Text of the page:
PMID: 29786547 [PubMed - as supplied by publisher]
Job titles classified into socioeconomic and occupational groups identify subjects with increased risk for respiratory symptoms independent of occupational exposure to vapour, gas, dust, or fumes.
Eur Clin Respir J. 2018;5(1):1468715
Authors: Schyllert C, Andersson M, Hedman L, Ekström M, Backman H, Lindberg A, Rönmark E
Objectives: To evaluate the ability of three different job title classification systems to identify subjects at risk for respiratory symptoms and asthma by also taking the effect of exposure to vapours, gas, dust, and fumes (VGDF) into account. Background: Respiratory symptoms and asthma may be caused by occupational factors. There are different ways to classify occupational exposure. In this study, self-reported occupational exposure to vapours, gas, dust and fumes was used as well as job titles classifed into occupational and socioeconomic Groups according to three different systems. Design: This was a large population-based study of adults aged 30-69 years in Northern Sweden (n = 9,992, 50% women). Information on job titles, VGDF-exposure, smoking habits, asthma and respiratory symptoms was collected by a postal survey. Job titles were used for classification into socioeconomic and occupational groups based on three classification systems; Socioeconomic classification (SEI), the Nordic Occupations Classification 1983 (NYK), and the Swedish Standard Classification of Occupations 2012 (SSYK). Associations were analysed by multivariable logistic regression. Results: Occupational exposure to VGDF was a risk factor for all respiratory symptoms and asthma (odds ratios (ORs) 1.3-2.4). Productive cough was associated with the socioeconomic groups of manual workers (ORs 1.5-2.1) and non-manual employees (ORs 1.6-1.9). These groups include occupations such as construction and transportation workers, service workers, nurses, teachers and administration clerks which by the SSYK classification were associated with productive cough (ORs 2.4-3.7). Recurrent wheeze was significantly associated with the SEI group manual workers (ORs 1.5-1.7). After adjustment for also VGDF, productive cough remained significantly associated with the SEI groups manual workers in service and non-manual employees, and the SSYK-occupational groups administration, service, and elementary occupations. Conclusions: In this cross-sectional study, two of the three different classification systems, SSYK and SEI gave similar results and identified groups with increased risk for respiratory symptoms while NYK did not give conclusive results. Furthermore, several associations were independent of exposure to VGDF indicating that also other job-related factors than VGDF are of importance.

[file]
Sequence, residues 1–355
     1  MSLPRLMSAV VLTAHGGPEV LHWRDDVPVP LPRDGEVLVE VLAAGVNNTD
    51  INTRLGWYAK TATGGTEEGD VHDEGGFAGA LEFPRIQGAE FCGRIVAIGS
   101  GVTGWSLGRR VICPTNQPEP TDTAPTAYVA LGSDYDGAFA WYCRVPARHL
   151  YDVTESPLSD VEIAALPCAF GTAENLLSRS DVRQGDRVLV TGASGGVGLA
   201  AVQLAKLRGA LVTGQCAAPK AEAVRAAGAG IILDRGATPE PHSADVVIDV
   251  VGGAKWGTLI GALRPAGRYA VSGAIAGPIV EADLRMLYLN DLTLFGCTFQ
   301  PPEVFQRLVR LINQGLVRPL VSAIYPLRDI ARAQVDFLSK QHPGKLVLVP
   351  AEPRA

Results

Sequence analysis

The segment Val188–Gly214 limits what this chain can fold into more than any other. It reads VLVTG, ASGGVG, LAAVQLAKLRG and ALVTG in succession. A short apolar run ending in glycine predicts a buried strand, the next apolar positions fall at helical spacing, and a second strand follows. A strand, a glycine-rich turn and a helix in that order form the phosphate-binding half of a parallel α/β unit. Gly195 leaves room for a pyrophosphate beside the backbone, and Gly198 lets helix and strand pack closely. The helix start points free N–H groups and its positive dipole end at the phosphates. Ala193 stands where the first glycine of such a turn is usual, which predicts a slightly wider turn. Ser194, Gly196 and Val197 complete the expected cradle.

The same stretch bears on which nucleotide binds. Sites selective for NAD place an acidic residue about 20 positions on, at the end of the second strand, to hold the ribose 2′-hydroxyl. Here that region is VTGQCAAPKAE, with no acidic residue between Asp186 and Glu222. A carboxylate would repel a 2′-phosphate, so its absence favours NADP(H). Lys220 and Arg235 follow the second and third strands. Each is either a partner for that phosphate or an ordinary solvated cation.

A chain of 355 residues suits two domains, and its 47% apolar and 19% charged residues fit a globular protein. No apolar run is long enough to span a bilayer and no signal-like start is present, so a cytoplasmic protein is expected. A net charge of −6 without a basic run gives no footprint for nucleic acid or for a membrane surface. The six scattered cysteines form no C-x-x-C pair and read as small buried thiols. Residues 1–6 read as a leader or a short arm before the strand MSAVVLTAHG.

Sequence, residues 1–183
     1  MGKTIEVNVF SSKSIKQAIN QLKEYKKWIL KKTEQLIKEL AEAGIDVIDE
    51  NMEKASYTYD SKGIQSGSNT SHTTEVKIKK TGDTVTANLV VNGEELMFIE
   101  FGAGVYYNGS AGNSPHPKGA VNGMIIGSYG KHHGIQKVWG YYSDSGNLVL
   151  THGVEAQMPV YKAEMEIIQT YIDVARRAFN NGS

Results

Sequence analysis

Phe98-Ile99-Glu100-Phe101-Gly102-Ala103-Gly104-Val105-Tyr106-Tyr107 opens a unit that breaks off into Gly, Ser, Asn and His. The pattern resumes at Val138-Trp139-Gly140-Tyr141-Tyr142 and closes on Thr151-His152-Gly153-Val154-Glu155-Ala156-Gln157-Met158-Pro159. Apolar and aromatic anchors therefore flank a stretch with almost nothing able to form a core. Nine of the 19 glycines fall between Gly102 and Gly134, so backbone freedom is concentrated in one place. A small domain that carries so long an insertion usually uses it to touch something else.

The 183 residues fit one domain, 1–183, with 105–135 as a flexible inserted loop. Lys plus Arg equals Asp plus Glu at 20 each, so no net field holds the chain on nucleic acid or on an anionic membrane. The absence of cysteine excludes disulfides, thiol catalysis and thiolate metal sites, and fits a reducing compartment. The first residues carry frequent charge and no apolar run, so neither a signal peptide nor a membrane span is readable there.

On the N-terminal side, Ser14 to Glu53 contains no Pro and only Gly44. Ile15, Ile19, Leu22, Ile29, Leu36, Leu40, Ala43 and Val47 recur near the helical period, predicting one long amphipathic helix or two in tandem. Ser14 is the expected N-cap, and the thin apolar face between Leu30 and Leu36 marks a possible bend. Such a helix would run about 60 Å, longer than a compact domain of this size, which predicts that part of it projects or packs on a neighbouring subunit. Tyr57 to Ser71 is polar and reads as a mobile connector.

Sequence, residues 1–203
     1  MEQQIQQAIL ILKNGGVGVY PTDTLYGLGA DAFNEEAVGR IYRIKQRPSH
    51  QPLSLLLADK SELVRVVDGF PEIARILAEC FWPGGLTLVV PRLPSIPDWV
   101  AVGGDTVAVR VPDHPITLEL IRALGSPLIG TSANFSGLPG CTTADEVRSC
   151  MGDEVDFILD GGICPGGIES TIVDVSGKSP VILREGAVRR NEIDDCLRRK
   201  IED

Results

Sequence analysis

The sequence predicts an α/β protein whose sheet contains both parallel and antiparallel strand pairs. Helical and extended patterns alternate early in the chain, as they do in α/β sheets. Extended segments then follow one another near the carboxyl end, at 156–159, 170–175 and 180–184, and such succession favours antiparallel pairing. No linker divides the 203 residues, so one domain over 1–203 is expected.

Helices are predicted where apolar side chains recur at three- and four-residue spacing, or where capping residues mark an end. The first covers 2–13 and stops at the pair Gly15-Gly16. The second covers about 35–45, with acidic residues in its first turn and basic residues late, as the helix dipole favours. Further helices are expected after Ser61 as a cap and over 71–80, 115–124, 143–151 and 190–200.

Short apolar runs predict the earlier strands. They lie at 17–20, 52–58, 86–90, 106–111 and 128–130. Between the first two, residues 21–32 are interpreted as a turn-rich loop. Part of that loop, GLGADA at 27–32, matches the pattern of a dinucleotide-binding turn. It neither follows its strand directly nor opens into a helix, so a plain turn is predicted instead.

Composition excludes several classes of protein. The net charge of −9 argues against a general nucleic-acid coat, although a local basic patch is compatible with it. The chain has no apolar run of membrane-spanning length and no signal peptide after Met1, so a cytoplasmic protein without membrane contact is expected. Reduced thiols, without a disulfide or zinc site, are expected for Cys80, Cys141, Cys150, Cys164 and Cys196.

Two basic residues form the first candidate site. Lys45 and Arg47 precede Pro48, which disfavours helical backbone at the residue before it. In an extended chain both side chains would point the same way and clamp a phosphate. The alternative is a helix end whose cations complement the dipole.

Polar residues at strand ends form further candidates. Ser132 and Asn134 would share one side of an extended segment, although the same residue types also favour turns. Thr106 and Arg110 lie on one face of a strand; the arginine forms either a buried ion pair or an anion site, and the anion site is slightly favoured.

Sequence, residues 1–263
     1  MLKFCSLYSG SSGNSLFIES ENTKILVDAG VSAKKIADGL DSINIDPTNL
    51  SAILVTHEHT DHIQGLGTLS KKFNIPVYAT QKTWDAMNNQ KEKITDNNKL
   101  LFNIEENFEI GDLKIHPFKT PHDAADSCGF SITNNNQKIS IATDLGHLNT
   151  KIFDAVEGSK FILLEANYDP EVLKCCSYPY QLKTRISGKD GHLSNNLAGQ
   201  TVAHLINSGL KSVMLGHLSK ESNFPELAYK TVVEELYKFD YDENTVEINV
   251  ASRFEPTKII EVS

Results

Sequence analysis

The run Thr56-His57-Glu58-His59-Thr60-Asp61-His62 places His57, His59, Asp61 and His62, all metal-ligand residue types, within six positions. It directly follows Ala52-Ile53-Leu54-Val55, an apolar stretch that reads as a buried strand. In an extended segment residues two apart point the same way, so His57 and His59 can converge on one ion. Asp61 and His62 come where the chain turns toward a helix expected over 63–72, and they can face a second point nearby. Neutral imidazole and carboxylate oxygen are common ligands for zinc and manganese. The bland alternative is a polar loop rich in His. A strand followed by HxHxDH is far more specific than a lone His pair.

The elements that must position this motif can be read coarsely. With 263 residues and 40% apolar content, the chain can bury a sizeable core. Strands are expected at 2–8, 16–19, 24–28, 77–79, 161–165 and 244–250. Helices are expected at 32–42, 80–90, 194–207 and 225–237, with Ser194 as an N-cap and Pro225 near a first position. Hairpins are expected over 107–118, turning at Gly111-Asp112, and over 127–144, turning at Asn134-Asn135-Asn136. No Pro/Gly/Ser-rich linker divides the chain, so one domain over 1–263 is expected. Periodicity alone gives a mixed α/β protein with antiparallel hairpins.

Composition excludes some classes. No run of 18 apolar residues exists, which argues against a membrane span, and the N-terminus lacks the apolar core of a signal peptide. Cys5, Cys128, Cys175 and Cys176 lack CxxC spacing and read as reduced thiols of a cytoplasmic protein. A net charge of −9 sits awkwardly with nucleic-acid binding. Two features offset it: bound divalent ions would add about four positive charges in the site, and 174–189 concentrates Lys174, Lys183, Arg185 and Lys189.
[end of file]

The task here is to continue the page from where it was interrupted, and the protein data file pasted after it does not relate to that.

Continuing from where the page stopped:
PMID: 29785256 [PubMed]
Feasibility of high-intensity training in asthma.
Eur Clin Respir J. 2018;5(1):1468714
Authors: Toennesen LL, Soerensen ED, Hostrup M, Porsbjerg C, Bangsbo J, Backer V